In September, a U.S. District Court struck down the state’s witness signature rule. U.S. District Judge J. Michelle Childs said in an opinion on September 18 that it would suppress disabled and Black voters impacted by the coronavirus. “The evidence in the record points to the conclusion that adherence to the Witness Requirement in November would only increase the risk of contracting COVID-19 for members of the public with underlying medical conditions, the disabled, and racial and ethnic minorities,” Childs wrote.

The case was appealed to the Fourth Circuit Court of Appeals, where a three-judge panel overturned the injunction against enforcing the witness requirement on September 24. The next day, the full court changed course and reinstated the ruling, a decision that was then reversed by the Supreme Court early this month. 

The result has been widespread confusion, which was exacerbated by the yo-yoing of the appellate courts, Powers said. “We’ve had a ping pong with the effect of whiplash where election officials haven’t known what the law is actually going to be for this election.” 

At least one county in the state sent voters incorrect instructions saying absentee ballots did not require a witness signature, even after the Supreme Court ruling. 

In Georgetown County, voters received mailers that said “NO WITNESS SIGNATURE REQUIRED,” photos of which were circulated on social media. Georgetown revised ballot inserts the Tuesday following the Supreme Court order, according to a spokesperson for the State Election Commission. “Georgetown County says they had a comprehensive process in place to make sure all outdated inserts were corrected, but concedes it’s possible one could have been missed by mistake.  Even so, the inserts stated that the ruling on witness signatures could change and that the public would be notified through the media at scVOTES.gov,” Whitmire said. Georgetown County’s election office did not immediately respond to a request for comment.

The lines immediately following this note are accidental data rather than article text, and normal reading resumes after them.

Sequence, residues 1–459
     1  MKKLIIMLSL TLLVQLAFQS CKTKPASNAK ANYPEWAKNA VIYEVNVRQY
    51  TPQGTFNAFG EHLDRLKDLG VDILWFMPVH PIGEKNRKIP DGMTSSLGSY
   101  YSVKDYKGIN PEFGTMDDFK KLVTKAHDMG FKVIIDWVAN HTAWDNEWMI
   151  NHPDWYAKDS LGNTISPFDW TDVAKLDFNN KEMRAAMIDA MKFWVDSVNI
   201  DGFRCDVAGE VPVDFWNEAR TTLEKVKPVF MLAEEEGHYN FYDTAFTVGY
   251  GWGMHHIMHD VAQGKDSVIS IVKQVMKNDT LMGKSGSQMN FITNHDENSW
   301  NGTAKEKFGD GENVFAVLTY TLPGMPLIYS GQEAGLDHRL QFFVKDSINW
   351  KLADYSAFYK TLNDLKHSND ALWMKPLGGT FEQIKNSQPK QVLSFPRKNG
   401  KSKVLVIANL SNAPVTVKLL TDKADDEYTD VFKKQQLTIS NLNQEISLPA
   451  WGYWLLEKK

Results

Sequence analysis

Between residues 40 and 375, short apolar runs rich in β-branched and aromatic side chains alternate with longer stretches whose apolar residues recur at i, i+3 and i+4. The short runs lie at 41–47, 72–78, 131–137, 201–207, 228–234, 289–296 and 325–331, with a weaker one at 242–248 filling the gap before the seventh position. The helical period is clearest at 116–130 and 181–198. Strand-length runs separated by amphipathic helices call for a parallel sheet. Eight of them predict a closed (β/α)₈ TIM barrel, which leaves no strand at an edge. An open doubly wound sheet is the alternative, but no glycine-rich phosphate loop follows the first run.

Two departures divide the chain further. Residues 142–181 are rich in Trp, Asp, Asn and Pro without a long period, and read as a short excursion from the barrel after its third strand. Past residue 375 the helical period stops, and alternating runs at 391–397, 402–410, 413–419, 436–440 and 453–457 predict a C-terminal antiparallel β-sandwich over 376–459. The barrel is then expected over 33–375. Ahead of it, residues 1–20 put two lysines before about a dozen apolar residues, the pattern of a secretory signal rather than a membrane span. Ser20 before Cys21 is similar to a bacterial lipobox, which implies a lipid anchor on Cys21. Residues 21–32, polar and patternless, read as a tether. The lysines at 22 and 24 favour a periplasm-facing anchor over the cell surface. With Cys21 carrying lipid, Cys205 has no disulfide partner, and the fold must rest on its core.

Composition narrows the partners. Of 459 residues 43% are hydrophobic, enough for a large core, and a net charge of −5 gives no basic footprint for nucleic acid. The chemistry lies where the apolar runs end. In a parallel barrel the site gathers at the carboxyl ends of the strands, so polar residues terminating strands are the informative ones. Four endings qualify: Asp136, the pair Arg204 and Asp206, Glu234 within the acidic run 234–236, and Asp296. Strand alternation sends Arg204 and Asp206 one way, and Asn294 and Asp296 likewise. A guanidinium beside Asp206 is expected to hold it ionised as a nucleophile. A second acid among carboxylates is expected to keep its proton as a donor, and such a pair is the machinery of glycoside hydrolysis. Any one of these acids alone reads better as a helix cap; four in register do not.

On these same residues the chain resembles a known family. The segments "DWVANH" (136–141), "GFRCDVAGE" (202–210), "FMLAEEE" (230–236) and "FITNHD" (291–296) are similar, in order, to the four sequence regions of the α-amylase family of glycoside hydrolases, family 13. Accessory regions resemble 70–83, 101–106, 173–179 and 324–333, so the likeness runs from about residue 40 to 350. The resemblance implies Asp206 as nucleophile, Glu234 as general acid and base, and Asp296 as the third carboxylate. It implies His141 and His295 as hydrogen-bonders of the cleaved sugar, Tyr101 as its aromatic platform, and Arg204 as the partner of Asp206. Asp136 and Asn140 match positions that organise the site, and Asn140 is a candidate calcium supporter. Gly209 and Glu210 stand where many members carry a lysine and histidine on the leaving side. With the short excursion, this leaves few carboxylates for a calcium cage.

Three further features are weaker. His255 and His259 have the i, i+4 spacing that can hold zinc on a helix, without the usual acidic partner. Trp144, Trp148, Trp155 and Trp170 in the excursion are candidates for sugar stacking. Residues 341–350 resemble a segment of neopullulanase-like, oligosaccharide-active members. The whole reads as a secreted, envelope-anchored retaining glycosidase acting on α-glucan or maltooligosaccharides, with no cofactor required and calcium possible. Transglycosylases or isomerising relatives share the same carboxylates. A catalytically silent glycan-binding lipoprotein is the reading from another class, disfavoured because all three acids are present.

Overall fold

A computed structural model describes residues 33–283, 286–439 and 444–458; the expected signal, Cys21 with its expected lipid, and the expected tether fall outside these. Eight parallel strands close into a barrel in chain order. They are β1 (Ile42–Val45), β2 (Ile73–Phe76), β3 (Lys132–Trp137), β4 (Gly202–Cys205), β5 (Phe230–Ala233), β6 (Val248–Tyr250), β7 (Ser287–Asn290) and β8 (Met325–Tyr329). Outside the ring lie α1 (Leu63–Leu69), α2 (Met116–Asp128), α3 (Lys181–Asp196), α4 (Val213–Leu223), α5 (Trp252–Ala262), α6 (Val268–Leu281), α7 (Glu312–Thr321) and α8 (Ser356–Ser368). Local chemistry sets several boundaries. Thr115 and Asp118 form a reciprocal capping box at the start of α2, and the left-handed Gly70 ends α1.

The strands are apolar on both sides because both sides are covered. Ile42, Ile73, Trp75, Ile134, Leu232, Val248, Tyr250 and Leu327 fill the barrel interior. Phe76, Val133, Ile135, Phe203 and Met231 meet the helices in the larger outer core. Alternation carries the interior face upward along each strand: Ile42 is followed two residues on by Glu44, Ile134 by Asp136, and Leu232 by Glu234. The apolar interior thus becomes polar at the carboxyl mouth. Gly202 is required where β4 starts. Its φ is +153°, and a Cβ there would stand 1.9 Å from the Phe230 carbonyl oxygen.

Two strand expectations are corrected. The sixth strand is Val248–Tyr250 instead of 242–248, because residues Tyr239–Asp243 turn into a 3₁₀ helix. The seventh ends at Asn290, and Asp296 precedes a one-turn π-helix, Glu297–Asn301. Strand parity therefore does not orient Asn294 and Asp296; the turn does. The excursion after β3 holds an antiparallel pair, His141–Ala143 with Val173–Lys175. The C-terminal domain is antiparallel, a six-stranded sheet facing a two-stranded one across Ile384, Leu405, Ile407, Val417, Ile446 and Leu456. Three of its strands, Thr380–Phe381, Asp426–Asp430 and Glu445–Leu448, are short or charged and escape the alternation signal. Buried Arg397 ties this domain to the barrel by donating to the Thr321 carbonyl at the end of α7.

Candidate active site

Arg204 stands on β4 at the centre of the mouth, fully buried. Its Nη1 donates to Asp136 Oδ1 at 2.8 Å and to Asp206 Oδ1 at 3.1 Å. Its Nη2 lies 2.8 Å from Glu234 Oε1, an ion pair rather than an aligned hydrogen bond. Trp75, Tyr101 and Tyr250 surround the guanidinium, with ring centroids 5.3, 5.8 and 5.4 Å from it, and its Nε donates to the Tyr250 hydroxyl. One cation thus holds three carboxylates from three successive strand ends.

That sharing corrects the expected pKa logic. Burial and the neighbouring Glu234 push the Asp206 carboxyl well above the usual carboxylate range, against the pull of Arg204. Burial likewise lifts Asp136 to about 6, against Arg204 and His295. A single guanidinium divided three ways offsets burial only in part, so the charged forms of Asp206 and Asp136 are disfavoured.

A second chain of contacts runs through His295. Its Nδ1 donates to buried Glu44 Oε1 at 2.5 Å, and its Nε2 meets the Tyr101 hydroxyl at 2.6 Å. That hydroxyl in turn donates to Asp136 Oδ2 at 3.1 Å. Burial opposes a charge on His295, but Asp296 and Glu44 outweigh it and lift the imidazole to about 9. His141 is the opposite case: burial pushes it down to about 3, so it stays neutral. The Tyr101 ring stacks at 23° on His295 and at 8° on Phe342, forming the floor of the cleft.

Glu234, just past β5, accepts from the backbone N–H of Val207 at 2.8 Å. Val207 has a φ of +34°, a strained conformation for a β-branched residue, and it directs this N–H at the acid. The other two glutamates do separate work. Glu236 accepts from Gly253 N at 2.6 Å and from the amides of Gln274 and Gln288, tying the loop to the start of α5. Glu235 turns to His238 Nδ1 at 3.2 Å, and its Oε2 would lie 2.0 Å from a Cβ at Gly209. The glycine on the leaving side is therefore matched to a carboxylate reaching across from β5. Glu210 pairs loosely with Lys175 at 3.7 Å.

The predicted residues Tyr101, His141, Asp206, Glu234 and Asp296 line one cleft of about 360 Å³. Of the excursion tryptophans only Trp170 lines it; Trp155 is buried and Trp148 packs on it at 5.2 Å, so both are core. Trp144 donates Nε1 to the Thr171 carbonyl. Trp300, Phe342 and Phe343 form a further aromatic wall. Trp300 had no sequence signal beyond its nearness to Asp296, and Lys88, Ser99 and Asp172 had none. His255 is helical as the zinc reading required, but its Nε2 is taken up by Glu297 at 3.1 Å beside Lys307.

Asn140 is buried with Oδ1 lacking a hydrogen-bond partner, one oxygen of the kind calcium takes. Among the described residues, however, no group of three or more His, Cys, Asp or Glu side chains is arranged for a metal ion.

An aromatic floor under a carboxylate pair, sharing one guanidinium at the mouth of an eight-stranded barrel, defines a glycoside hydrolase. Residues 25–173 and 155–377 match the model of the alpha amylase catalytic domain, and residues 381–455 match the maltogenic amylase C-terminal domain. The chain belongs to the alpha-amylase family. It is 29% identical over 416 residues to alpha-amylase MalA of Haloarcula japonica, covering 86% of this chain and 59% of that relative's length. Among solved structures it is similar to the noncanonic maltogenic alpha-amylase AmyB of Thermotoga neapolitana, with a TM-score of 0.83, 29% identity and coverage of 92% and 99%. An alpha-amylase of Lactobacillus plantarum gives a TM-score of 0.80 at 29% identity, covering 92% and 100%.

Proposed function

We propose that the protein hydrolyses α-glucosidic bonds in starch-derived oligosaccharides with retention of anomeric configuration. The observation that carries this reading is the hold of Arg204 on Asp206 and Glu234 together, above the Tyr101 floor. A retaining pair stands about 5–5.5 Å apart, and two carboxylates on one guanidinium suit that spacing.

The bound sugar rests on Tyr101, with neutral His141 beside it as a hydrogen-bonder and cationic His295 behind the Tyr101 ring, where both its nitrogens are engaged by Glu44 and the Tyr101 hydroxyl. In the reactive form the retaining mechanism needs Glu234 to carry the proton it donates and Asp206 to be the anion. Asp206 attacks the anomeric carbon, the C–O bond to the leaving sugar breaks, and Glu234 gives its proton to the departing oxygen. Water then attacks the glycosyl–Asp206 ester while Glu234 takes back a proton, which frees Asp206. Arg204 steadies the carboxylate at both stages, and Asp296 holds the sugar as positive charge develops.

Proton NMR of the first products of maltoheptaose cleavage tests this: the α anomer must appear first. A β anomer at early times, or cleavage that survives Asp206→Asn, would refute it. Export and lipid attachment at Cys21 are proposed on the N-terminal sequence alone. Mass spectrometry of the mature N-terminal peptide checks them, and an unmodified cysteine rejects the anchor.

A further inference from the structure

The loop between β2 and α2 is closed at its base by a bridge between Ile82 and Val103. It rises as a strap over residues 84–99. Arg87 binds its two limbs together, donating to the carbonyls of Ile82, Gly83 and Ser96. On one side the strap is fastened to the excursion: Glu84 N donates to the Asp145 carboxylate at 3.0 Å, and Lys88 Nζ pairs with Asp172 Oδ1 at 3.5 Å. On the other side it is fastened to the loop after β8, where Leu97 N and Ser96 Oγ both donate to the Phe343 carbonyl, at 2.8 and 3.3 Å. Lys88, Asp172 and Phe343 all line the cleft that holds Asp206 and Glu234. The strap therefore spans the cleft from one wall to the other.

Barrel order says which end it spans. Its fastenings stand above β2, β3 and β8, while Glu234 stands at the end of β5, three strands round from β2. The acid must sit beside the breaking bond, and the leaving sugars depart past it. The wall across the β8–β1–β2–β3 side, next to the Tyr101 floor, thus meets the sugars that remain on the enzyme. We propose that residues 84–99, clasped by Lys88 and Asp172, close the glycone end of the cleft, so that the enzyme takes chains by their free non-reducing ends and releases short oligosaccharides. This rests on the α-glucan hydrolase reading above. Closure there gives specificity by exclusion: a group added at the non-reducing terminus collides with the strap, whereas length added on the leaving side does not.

In Charleston County, one voter reported receiving a ballot on October 8 and “immediately noticed that the information on the instruction sheet regarding obtaining a witness signature was inconsistent with what appeared on the ballot mailing envelope.” The instruction sheet featured a highlighted yellow notice that said that at the time of mailing, “a court has ruled you do not need a witness (Step 5 below) for your ballot to count,” noting that the requirement was subject to change, and that changes would be reported by the media and on the state’s voting website. The ballot envelope, meanwhile, said that a ballot would not count without a witness signature. The ballot was mailed on September 29, the voter said. “I was aware of the SCOTUS decision and attributed the discrepancy to that, but many voters no doubt are not and will consequently be disenfranchised. This is just so disgraceful.”

“The witness requirement had long been in place in South Carolina,” Powers said. South Carolina rejected around 1,600 ballots over missing witness signatures in 2016, and the  number was closer to 800 during the 2018 midterms, Powers said. 

One of the plaintiffs in the lawsuit seeking a preliminary injunction against the State Election Commission is a Black voter in Sumter County who was not notified until after 2020 that his 2018 ballot wasn’t counted due to a missing signature. The other plaintiffs are one other voter, the League of Women Voters of SC, and the Family Unit SC. Their lawsuit points to an analysis that finds that “some county election officials are consistently more likely to reject mail ballots for the reason of no voter signature than others, thereby resulting in South Carolina voters being unequally treated with respect to counting their ballots.”

Update: October 22, 2020
This article has been updated to include information about a ballot in Charleston County that was received after publication.